SABMiller’s lager volumes in Africa gained 4 percent on an organic basis in the third quarter to December last year as most markets continued to grow strongly, the world’s second biggest brewer said in its trading update on Tuesday.

It said Zambia experienced lager growth of 10 percent as the market continued to benefit from improved availability and distribution networks, further supported by the operation of the new brew house at Ndola from November 2012. Uganda returned to growth this quarter with lager volumes up 4 percent despite a slower economy. In Mozambique the affordable and mainstream segments continued to perform well helping deliver lager volume growth of 9 percent.

In Ghana, volumes grew by 9 percent driven by a strong performance by the Club brand while South Sudan continued to grow strongly. But Tanzania’s volumes continued to decline, slipping 13 percent for the quarter due to the country’s excise related pricing. And lager volume growth moderated to 5 percent in Zimbabwe following a price increase taken in the quarter as a result of an unanticipated excise increase. “Our associate Castel delivered lager volume growth of 5 percent on a pro forma basis including the combined Angola business. Soft drinks grew by 12 percent on an organic basis assisted by strong performances in Nigeria, Zambia and Ghana,” Richard Farnsworth, the business relations manager at SABMiller said.

In South Africa, lager volumes grew by 3 percent despite a challenging economic and trading environment. In the face of strong competition, the mainstream brand portfolio grew in aggregate with Castle Lager performing particularly well.

Castle Lite, SABMiller’s principal premium offering, continued its strong performance with more than 20 percent growth. Targeted brand investments as well as improved retail execution and customer service continued to have a positive impact in South Africa. Soft drinks volumes declined by 3 percent following a price increase on some packs in November 2012 partially offset by growth in still drinks.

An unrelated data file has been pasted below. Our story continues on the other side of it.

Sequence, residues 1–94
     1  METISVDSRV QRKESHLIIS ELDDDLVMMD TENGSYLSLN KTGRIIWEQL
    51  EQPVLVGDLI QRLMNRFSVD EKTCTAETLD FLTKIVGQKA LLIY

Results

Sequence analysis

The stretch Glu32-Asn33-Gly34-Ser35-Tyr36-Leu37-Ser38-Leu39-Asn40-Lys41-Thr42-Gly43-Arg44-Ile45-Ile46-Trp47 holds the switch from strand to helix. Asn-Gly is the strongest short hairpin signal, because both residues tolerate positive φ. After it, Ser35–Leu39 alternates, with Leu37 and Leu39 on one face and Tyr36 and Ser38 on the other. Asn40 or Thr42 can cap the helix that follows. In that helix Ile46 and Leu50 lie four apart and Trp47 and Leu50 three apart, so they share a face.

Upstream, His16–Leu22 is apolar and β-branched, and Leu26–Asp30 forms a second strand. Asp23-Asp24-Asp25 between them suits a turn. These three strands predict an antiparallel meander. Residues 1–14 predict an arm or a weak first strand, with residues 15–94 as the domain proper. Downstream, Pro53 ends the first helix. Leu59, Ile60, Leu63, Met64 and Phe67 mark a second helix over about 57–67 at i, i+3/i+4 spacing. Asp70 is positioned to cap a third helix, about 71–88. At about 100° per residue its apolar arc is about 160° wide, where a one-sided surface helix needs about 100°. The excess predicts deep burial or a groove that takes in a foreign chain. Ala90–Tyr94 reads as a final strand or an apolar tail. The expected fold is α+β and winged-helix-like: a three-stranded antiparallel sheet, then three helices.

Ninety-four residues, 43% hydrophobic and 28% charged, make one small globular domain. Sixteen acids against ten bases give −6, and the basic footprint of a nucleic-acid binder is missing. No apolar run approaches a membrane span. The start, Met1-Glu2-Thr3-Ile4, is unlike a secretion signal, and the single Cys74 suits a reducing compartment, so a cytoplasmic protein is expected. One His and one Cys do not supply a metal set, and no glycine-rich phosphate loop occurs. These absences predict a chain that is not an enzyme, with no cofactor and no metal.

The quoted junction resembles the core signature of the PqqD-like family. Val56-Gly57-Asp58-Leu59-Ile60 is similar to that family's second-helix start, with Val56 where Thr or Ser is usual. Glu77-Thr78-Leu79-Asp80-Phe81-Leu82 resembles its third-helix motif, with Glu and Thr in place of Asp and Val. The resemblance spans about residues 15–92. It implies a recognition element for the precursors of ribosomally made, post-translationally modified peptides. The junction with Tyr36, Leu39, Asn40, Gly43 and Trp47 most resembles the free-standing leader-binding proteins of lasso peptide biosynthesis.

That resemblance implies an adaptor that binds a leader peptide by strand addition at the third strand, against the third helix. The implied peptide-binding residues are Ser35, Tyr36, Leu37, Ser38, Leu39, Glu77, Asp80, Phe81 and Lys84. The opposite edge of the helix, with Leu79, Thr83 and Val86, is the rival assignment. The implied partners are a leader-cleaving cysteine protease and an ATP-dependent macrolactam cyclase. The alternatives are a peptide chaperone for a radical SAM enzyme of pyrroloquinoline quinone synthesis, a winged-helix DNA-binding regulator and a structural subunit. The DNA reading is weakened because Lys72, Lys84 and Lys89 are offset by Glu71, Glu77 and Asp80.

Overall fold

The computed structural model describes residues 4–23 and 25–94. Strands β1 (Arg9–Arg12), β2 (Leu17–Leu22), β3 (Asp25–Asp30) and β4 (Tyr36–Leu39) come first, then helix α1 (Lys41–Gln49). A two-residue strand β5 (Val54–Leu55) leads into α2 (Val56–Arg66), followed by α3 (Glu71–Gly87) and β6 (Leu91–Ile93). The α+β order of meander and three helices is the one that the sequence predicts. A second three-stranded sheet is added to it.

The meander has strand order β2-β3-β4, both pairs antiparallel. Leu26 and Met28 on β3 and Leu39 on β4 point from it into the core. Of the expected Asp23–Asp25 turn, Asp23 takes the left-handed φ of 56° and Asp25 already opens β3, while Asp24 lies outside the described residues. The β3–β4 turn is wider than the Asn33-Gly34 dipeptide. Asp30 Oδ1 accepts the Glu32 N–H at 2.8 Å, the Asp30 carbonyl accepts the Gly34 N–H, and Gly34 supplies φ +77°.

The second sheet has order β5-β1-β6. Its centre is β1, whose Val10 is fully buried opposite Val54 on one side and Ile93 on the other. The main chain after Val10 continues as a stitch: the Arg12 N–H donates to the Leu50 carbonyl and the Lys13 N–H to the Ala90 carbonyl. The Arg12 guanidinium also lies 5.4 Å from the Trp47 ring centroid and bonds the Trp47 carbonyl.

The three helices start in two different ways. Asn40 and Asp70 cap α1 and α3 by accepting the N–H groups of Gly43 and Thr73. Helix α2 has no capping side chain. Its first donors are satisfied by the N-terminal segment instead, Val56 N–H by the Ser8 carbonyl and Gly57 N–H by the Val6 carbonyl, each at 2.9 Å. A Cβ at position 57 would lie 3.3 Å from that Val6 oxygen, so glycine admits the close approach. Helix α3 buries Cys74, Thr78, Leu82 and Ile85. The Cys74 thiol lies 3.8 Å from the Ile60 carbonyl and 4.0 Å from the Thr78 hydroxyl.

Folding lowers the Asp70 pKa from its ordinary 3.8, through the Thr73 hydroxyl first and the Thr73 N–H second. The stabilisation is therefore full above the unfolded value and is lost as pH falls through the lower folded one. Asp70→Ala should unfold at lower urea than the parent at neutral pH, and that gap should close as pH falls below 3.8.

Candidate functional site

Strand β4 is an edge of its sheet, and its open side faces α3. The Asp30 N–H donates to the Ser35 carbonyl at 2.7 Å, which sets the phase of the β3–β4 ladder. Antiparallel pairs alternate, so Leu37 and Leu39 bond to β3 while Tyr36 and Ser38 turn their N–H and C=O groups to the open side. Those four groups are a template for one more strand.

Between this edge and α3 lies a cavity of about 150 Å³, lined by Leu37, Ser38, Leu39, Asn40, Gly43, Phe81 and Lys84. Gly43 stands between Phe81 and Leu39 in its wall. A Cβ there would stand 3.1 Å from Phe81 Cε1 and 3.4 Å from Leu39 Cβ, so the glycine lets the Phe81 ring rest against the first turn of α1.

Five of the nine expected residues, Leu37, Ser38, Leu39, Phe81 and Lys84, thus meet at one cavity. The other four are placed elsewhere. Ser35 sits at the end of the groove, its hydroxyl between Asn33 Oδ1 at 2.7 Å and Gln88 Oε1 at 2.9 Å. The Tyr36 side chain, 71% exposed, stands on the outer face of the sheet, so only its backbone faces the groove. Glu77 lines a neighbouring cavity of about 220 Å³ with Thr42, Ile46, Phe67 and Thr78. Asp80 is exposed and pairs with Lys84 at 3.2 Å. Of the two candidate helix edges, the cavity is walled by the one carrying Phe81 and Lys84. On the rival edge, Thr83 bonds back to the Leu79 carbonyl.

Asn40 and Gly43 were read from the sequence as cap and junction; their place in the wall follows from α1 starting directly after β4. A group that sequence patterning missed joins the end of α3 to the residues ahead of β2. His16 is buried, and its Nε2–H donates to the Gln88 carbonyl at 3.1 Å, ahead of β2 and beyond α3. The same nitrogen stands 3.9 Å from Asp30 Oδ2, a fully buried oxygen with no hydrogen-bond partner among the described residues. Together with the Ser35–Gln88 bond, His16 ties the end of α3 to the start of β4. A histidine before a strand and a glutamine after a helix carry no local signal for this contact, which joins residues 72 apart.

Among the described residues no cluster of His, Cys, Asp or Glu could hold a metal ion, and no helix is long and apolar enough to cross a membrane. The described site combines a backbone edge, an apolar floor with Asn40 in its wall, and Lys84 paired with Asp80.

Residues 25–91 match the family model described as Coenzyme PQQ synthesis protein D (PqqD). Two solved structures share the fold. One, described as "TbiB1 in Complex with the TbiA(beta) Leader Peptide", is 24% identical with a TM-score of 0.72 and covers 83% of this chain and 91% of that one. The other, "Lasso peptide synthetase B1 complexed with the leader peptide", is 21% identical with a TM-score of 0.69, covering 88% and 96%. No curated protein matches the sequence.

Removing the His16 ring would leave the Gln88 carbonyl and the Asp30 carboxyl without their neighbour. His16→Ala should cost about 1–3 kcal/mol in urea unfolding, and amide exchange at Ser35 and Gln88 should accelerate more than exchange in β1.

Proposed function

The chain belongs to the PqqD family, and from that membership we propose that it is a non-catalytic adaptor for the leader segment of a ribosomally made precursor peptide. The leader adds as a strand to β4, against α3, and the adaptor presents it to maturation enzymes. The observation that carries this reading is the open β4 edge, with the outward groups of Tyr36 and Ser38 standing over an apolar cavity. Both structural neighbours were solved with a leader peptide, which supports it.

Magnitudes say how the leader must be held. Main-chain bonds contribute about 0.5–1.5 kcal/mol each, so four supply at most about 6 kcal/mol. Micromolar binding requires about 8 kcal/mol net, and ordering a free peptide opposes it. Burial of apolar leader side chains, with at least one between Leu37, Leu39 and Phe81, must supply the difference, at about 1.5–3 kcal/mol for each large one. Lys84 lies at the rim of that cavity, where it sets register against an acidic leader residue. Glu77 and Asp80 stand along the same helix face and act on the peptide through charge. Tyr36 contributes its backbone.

SABMiller unveiled its latest trading results on Tuesday after announcing that its subsidiary Cerveceria Nacional would sell its Panama-based milk and juice division. The business will be sold for a cash consideration of $86 million to narrow the focus of the company. The drinks company’s last results showed strong revenue and earnings growth in the first half. Reported group revenue was up 11 percent for the six months to September 30th, SABMiller said last November.

While its Peroni brand has been performing well, the group has been hit by a decline in the UK beer market and a rise in alcohol prices. SABMiller released independent research commissioned from the Centre for Economics and Business Research last month which revealed that a 45p minimum unit price for alcohol would hit drinkers in low-income families.

“Minimum pricing is a poor piece of policy that will do little to address the damage caused by alcohol misuse and much to exacerbate the financial challenge facing moderate drinkers on lower incomes,” said SABMiller’s Senior Vice President of Industry Affairs, Mike Short.


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